The mask that the actor wears is apt to become his face. — Plato

Virginia Gov. Ralph Northam admits to wearing Michael Jackson blackface in a talent show. Northam rationalizes his behavior by stating that he only applied “a little bit of shoe polish” under his eyes. How can an informed, sophisticated leader rationalize this behavior from the 1980s?

In the 19th century, blackface minstrels portrayed black archetypes by darkening their skin and exaggerating their lips with white paint. The archetypes included: “Black Buck,” a large foreboding man who lusted after white women; “Jezebel,” a devious wench; “Uncle Tom,” a gentle older man (whose image is used to market Uncle Ben’s rice); and Mammy, a kind but sassy woman (used in marketing Aunt Jemima pancakes).

The most egregious and impactful use of blackface occurred in the film “Birth of a Nation.” Considered a classic film, it depicted whites in blackface as savages who were attempting to take over America. Their efforts were thwarted by noble members of the Ku Klux Klan, which was organized to protect Aryan women and Aryan culture from degradation, violence and defilement. The film sparked riots and attacks on innocent African-Americans across the nation. It popularized the Klan as a patriotic force.

Blackface framed how African-Americans were viewed in the 19th and 20th centuries. African-Americans were considered dim-witted, criminal and lascivious. They were “simianized” in words and disgusting imagery. They were considered ape-like in appearance and behavior. This practice continues. Barack and Michelle Obama, Venus and Serena Williams, Valerie Jarret, Patrick Ewing and others have been depicted with simian features.

Given this sordid history, it is difficult to see how Northam — Virginia native-son and governor — could be unaware of the hatred undergirding blackface. Nonetheless, Americans are a forgiving people. Virginians might have forgiven Northam if he had come forward to own his sin. Instead he issued and later recanted a bizarre but standard nonapology apology.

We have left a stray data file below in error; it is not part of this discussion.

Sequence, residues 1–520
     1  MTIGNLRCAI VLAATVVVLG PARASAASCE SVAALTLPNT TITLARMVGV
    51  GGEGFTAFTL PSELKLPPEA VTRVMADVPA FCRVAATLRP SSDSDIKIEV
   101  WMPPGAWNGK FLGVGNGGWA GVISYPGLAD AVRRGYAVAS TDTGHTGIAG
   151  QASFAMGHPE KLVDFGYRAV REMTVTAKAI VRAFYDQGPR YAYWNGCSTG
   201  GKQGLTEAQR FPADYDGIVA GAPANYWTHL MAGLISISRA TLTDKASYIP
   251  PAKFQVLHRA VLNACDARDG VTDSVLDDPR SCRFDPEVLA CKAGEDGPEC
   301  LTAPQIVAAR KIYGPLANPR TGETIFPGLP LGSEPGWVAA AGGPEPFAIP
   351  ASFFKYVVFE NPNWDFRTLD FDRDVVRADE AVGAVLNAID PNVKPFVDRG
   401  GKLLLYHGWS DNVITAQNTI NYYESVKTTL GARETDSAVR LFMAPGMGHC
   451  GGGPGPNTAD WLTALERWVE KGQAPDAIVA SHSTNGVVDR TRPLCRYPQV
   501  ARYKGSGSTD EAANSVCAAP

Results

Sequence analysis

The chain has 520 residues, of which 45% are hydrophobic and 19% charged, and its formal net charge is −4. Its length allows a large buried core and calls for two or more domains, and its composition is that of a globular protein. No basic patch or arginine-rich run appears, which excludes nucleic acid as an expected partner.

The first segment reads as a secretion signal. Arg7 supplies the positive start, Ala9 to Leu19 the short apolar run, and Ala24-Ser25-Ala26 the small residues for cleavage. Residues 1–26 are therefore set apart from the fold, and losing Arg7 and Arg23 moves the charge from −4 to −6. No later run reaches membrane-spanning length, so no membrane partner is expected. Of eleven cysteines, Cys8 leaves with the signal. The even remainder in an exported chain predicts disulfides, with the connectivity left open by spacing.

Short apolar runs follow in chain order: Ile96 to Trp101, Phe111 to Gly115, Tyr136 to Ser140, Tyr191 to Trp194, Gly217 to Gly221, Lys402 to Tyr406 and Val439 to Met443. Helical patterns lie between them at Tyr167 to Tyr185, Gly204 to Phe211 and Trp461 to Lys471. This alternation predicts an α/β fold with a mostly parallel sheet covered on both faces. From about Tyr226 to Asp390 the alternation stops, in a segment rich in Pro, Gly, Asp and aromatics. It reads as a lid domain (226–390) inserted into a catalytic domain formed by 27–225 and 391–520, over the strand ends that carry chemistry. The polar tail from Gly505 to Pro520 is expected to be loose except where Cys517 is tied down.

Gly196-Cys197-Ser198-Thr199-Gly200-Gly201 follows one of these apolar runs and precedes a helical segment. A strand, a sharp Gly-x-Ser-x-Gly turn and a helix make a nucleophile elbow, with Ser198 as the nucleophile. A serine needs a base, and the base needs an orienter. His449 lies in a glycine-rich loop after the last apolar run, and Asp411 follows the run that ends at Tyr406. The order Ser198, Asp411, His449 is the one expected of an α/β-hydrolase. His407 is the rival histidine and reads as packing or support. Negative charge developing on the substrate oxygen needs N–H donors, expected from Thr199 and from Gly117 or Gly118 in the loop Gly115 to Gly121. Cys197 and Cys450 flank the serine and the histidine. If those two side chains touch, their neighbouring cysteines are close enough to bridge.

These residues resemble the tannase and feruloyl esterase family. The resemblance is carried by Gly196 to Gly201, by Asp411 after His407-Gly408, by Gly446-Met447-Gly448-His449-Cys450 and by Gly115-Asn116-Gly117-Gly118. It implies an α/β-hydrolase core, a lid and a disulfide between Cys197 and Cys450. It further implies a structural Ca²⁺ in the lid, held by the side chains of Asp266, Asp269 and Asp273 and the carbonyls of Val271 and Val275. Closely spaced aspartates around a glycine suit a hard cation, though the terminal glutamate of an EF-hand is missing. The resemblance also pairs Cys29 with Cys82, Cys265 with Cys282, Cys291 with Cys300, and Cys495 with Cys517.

Northam’s strategy failed because it was insincere and ill-advised. However, there was a path to redemption. Northam should have focused on the opening verse of “Amazing Grace:”

Amazing grace, How sweet the sound

That saved a wretch like me

I once was lost, but now I am found

Was blind but now I see

Northam was literally blinded by the privilege his white race and male gender provided in Virginia. He was blind because privilege robbed him of his vision. On a certain level, Northam is a “victim” of birth and circumstance. However, many privileged individuals evolve to develop understanding and empathy.

Northam could have found forgiveness and received salvation inside the institutionalized black church. After the incident was exposed, he should have immediately requested permission to address a historic black church. The pastor and congregants would have welcomed him because, in church parlance, Northam was requesting a “come-to-Jesus” meeting.

A come-to-Jesus meeting occurs when a sinner honestly and authentically embraces his sins before the congregation. Public confession is painful because the sinner admits weakness and even evil for all to see. Reckoning hurts, but it is a positive and powerful form of cleansing.

Imagine the symbolism if Virginia’s most powerful politician addressed a black congregation as a plaintive supplicant. A Son of the Confederacy would seek forgiveness from the descendants of slaves. This meeting would have promoted healing and reconciliation. It also might have saved Ralph Northam.

Edward Thompson III is a retired executive vice president, provost and professor of political science. He is a graduate of the UA and Howard University.